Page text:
On recipe sharing and media piracy

This is something that’s been on my mind for a while now.

Anyone that I know who has ever spent time creating a recipe in the kitchen or that has a treasured family recipe that has been passed down for generations is always extremely willing to pass it on so that others may enjoy the dish. It takes a certain amount of skill and talent to develop a good recipe as well as many hours spent perfecting it.

This is not to say that these chefs and bakers should never receive monetary reimbursement for their hard work, however those who choose to make a living through cooking are able to in other ways – such as building a restaurant around their own recipes or even selling a book with a large collection of their recipes. Just because they like to share a recipe for free here or there does not mean they do not value their work. Instead I believe the willingness to share causes others to look into the chef in question and support them more.

This is in direct conflict with what we see today in the digital media industry. Certainly the culture of sharing recipes has been around much longer, but today we see a push in the opposite direction. Artists are urged to not share their work to get their name well known but instead sign content deals with large corporations to market the work and make profit of their own.

There are artists and film directors out there that try to succeed through this method of sharing instead attempting to make a living off of live shows and movie viewings. I feel that this is frowned upon because of the industry we have built around the selling of content.

So, what do you think? Are cooks everywhere missing out? Should there be corporations built around marketing and selling recipes or should modern day artists rethink the accepted way to gain success?

This article has been in response to articles like one published on The Guardian’s website this past March. Even though I was directing this article towards artists, it could also apply to content producers who have this same business model.

Thoughts from a new Android developer

I’ve been interested in Android development for some time now. However, I never actually got around to setting up the development environment – until now. Before I give my impressions on the documentation that covers how to do all of this, I’d like to clarify that I’m not new to the development world at all – I’ve had a good few years experience – mostly with C++ and PHP and a few programming courses by now as well. I have not, however, had any experience with Java up until now. These are my immediate thoughts about developing on Android after spending some time (only a few hours so far, maybe 5 or 6) getting familiar with the SDK.

So far, I’ve been very pleased with how well the documentation is written. I followed the setup guide at the Android Developers website. My first step was to download and install Eclipse for my platform. I’m running Mac OS, and that’s the platform that my Android development experience has been on thus far. After getting Eclipse set up I then proceded to follow the instructions to get the latest (2.2 as of this writing) Android SDK and setup the SDK tools.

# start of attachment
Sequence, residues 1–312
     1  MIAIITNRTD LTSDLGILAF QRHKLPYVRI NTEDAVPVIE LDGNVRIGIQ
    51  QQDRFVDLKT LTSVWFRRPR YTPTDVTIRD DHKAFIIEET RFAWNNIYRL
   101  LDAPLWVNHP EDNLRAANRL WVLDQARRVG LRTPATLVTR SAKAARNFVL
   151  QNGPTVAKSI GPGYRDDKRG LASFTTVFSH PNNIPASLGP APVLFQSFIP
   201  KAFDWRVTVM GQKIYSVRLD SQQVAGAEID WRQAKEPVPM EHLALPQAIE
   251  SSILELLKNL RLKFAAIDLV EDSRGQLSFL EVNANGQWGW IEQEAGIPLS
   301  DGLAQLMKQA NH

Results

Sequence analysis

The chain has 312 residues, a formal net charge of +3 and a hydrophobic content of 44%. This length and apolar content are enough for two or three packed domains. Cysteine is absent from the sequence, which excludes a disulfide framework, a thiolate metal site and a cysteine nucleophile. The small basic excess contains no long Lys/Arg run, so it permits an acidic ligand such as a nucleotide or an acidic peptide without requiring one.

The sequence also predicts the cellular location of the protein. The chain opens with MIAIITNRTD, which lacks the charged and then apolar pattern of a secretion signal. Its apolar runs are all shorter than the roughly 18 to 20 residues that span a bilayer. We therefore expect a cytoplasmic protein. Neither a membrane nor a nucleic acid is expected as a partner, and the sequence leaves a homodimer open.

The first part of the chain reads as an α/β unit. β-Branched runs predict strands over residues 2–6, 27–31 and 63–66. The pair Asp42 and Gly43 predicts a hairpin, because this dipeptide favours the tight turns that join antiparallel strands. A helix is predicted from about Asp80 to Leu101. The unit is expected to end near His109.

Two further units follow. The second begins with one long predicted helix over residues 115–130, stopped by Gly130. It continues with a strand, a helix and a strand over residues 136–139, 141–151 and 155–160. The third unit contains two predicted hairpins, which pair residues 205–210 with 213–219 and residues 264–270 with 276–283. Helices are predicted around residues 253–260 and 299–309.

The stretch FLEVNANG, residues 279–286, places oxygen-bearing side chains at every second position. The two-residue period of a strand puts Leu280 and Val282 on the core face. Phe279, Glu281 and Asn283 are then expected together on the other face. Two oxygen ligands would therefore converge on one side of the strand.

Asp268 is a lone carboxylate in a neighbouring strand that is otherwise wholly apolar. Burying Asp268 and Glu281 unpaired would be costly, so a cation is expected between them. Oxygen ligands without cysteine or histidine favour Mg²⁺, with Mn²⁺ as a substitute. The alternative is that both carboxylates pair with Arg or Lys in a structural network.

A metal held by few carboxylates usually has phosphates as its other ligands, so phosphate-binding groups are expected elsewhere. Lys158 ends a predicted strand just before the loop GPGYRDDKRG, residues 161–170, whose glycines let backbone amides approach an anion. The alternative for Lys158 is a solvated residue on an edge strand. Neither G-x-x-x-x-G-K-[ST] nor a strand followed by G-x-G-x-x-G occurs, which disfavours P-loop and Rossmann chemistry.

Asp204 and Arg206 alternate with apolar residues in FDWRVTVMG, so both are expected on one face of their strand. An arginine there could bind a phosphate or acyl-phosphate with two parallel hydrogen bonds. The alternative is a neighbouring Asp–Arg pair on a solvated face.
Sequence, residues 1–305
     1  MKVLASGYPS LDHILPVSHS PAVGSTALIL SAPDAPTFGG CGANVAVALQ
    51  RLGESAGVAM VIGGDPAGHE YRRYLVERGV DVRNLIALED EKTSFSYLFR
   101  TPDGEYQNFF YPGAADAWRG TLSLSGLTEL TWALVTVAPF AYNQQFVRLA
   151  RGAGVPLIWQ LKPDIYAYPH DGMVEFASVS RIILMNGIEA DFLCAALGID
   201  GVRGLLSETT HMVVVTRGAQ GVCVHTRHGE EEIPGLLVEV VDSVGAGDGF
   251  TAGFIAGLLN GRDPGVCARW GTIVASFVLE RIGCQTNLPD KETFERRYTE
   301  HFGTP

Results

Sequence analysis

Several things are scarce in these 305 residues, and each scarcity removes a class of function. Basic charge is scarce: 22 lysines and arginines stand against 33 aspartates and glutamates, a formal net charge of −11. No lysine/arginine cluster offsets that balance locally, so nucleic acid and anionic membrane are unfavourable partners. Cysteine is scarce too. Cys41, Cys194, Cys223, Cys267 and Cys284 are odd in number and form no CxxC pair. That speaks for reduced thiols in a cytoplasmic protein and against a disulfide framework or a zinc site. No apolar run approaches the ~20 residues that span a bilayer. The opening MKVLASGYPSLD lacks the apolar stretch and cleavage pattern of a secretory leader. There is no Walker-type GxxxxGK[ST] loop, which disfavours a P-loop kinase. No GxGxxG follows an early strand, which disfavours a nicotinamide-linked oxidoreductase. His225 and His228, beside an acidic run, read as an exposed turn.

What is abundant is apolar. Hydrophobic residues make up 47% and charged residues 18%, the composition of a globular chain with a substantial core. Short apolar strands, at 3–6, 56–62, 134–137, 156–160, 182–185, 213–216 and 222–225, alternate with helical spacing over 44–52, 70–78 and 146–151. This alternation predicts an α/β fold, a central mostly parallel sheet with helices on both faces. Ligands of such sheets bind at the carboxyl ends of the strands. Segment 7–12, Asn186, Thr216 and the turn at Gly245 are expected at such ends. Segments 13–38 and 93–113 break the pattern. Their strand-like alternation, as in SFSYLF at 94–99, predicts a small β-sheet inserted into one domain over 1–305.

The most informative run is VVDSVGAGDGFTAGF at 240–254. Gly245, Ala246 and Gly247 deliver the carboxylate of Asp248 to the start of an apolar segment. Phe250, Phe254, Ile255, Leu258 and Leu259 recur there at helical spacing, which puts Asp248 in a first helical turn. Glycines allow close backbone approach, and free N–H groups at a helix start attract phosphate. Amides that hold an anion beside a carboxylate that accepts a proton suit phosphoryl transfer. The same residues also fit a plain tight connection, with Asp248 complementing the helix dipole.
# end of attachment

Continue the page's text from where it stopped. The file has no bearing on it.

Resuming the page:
I also took the time to setup a virtual Android device (AVD) and test it for a few minutes (not as fast as my HTC Incredible!) Even though I did this here, the next guide walks you through the steps. I found them quite self explanatory and took the liberty to do it on my own.

Once finished setting up my development environment I dove right into the Hello, Android demo application. This tutorial shows how a very minimalistic is built and what components it needs. As with the previous tutorial, this one was written very well with a good mix of beginner tips and intermediate developer centric portions. There were few, if any, portions of the guide that left me lost or feeling unsure of what to do next. In addition, I felt comfortable exploring SDK documentation immediately after completing the Hello, Android program and started messing with other Views and Actions available from the SDK.

Whenever I got stuck or wasn’t exactly sure of how to do something (keep in mind that at this point I’ve only been using the SDK and Java for an hour or two now) the excellent Hello, Views tutorials helped set me on the right path.

After only reading those three tutorials and a few documentation pages I felt ready to begin work on my own application. What I have so far is an application that has two layers of tabbed menus with scrollable lists in each section. That’s all I can show you for now – more on that in a later post.

Overall, I’m extremely impressed with how easy it is to develop Android applications so far. It really is quite easy to go from not knowing a thing about Android programming to being ready to build your own application all within a single afternoon or maybe a couple of nights. I’m super excited to continue working on my application and hope that this article helps to alleviate any fears that others may have about getting started with Android development.

Hello, World!

I’m starting this blog to record my thoughts on various topics.

As I am a Computer Science student and have been doing lots of web and mobile development as of late, many of my posts will focus on my experiences with web development, Android development, and the occasional news item as I see fit. However, I am not claiming this is a tech or development blog and as such I may also write about other topics.

Runner. Developer. Student.